Inferential analysis showed that there were no significant differences in most variables when compared. There was only a significant difference (p = 0.033) between older and younger adolescents in the results of identity status. Table 1 shows that in the younger adolescents (age 12-14), diffusion status was predominant (50%). There also was a predominance (74.5%) of this same status among older adolescents (age 15-17). Table 1 shows a predominance of the diffusion status for males and females in the sample. Three males were identified in the identity achievement status.

Data presented on the educational variable in Table 1 indicates that there also was a predominance of adolescents in the diffusion status, unrelated to the years of study. On the other hand, the diffusion identity also was indicated, regardless of the time the adolescent resided in the institutional shelters (less than or greater than two years).



The sample studied presented the highest number of adolescents in the 15-17 age group, with different conditions regarding the time of sheltering and in 11 different and diversified (in their characteristics) institutional shelters in Sao Paulo state coast. Although constituted by criteria of convenience and accessibility, this sample presented similar characteristics to other Brazilian studies with adolescents in institutional care. In a study carried out in Porto Alegre (RS) with sheltered adolescents, for example, there also were more males12, and the average age of participants (15) was similar to this study (14.7).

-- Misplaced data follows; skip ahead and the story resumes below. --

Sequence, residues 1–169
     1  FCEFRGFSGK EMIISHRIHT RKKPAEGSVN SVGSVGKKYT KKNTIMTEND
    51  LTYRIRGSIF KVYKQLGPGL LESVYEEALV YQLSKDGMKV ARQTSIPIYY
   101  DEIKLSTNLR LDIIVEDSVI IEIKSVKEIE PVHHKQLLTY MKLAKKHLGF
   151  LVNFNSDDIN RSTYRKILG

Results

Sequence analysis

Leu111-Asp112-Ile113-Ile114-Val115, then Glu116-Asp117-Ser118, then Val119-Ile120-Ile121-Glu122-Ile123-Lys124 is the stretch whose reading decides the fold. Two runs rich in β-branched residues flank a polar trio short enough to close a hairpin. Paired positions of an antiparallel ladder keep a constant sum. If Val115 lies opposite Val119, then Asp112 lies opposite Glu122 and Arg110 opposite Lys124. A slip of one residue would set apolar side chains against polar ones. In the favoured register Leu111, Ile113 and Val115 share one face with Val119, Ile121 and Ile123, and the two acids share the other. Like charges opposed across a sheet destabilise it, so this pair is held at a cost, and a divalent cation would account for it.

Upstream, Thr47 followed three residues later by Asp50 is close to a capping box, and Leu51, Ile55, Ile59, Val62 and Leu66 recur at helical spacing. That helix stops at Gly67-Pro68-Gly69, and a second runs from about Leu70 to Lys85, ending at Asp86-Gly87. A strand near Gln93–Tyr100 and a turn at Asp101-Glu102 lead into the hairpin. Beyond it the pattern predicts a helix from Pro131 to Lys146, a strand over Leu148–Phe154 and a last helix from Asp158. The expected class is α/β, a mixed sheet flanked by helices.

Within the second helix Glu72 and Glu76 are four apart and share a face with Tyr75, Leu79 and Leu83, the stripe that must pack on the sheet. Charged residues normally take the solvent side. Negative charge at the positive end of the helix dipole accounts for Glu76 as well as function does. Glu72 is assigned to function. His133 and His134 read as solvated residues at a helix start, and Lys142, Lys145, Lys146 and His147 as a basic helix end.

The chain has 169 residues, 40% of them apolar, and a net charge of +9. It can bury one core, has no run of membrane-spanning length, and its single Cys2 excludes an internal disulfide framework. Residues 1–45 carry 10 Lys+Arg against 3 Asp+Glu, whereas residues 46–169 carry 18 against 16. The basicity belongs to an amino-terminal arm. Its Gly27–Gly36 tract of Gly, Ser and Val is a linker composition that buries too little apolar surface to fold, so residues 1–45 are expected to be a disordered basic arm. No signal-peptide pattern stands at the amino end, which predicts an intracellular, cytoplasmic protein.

The time of sheltering of the adolescents in this study varied from a few weeks to ten years, a situation also present in the study of Gonzalez et al.17 Likewise, Silva26identified an institutional length of stay that surpassed the due time by legislation (up to two years) in 52.6% of the children and adolescents who were researched. Data from 2011, pointed out in the National Survey of Children and Adolescents residing in Institutional Shelters27, showed that in the southeast region, the maximum time of sheltering was 17.6 years. This longer time confronts resolutions of the ECA11regarding the maximum period for institutionalized shelter. In the current study, 31% of adolescents lived for more than two years in institutional shelters.

According to the classification of González et al.17the diffusion and foreclosure statuses are considered negative pole or passive. Diffusion was the identity status found in most adolescents researched (63.2%), but the negative emphasis of the identity status was found in older adolescents of the sample (57.4% in the diffusion status and 19.1% in the foreclosure status). These results differed from those in other studies that researched adolescents' identity status, with a prevalence of moratorium status15,26, as a more mature and active status in adolescence.